She noted “a persistent growth in the NTCA-born population in the United States, despite the U.S. economic crisis, rising deportations, the growing number of NTCA nationals apprehended at the border or removed from the U.S. interior, and the increasing risks and costs of transit through Mexico.”

As a result, over the last 20 years the flow of migration from Mexico has fallen while arrivals from El Salvador, Guatemala and Honduras have risen sharply.

“During the 1980s and 1990s, the civil war in El Salvador dislocated peasants to Honduras, which received a large flow of immigrants from neighboring countries,” she said. “Many Guatemalans had to seek refuge in Mexico, where the U.N. had established refugee camps. After peace, emigration was rekindled due to Hurricane Mitch in 1998, the 2001 earthquake and increased gang violence since the beginning of the 21st century.”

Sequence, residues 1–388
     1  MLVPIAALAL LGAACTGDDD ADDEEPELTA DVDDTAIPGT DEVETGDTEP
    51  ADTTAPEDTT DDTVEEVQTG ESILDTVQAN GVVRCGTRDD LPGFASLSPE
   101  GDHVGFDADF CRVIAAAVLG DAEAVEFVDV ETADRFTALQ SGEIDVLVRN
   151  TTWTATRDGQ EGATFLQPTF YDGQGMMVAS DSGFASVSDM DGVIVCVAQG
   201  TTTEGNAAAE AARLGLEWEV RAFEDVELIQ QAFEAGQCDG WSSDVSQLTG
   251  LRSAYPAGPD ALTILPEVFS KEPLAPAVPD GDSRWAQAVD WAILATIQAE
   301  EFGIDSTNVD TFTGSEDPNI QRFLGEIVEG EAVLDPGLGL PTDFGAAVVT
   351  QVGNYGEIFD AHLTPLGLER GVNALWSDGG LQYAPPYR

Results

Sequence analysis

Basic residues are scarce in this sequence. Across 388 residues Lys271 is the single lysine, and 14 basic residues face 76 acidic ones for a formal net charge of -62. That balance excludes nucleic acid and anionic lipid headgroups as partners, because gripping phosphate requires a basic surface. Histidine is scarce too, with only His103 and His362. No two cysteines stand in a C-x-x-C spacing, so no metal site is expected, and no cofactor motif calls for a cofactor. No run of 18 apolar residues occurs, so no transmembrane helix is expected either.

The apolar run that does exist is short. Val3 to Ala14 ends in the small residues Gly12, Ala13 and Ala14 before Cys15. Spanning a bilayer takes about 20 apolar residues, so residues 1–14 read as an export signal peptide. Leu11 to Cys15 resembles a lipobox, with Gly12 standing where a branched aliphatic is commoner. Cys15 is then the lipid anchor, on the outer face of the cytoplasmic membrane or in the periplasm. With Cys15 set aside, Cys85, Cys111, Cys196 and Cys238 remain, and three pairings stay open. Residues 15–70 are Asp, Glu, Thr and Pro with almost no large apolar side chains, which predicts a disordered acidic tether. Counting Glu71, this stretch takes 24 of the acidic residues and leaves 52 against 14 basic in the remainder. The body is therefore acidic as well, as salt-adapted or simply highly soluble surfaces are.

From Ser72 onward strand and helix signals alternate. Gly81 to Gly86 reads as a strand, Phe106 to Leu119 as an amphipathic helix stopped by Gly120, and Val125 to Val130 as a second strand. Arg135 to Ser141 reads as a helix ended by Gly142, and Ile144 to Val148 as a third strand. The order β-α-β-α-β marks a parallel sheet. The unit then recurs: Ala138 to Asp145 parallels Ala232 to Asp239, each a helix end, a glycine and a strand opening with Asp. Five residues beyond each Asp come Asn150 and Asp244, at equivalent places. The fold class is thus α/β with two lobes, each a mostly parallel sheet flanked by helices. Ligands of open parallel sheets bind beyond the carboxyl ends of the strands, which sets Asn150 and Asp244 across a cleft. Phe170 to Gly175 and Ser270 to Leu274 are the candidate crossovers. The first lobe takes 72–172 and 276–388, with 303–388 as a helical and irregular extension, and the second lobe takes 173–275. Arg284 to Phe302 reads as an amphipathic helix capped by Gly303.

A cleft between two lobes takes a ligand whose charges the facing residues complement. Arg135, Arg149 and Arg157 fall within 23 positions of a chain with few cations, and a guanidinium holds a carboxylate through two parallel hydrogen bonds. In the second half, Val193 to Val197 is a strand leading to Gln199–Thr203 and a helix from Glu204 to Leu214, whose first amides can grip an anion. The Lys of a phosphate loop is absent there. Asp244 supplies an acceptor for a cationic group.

Pederzini noted a 50 percent increase in the NTCA population residing in Mexico from 2000 to 2010. Interestingly, in 2000, some 70 percent of these people were Guatemalan-born, though by the end of the decade, the relative presence of Hondurans and Salvadorans had increased — reflecting a dramatic jump in drug- and gang-related violence in those two countries.

Transits through Mexico peaked in 2005, when between 390,000 and 430,000 migrants made the dangerous journey from Central America to the U.S. border. Traffic slowed down from 2006 to 2009, stabilized in 2010 and 2011 and then went back up, reaching 183,000 transits in 2012. Since then, it’s risen even more, with Hondurans leading the way.

Nearly 21,000 unaccompanied minors were apprehended on the southwestern border of the United States in 2013; last year there were 51,000 minors apprehended.

Pia Orrenius, a senior economist with the Federal Reserve Bank of Dallas, said that from a historical perspective, Mexican immigration has virtually dried up.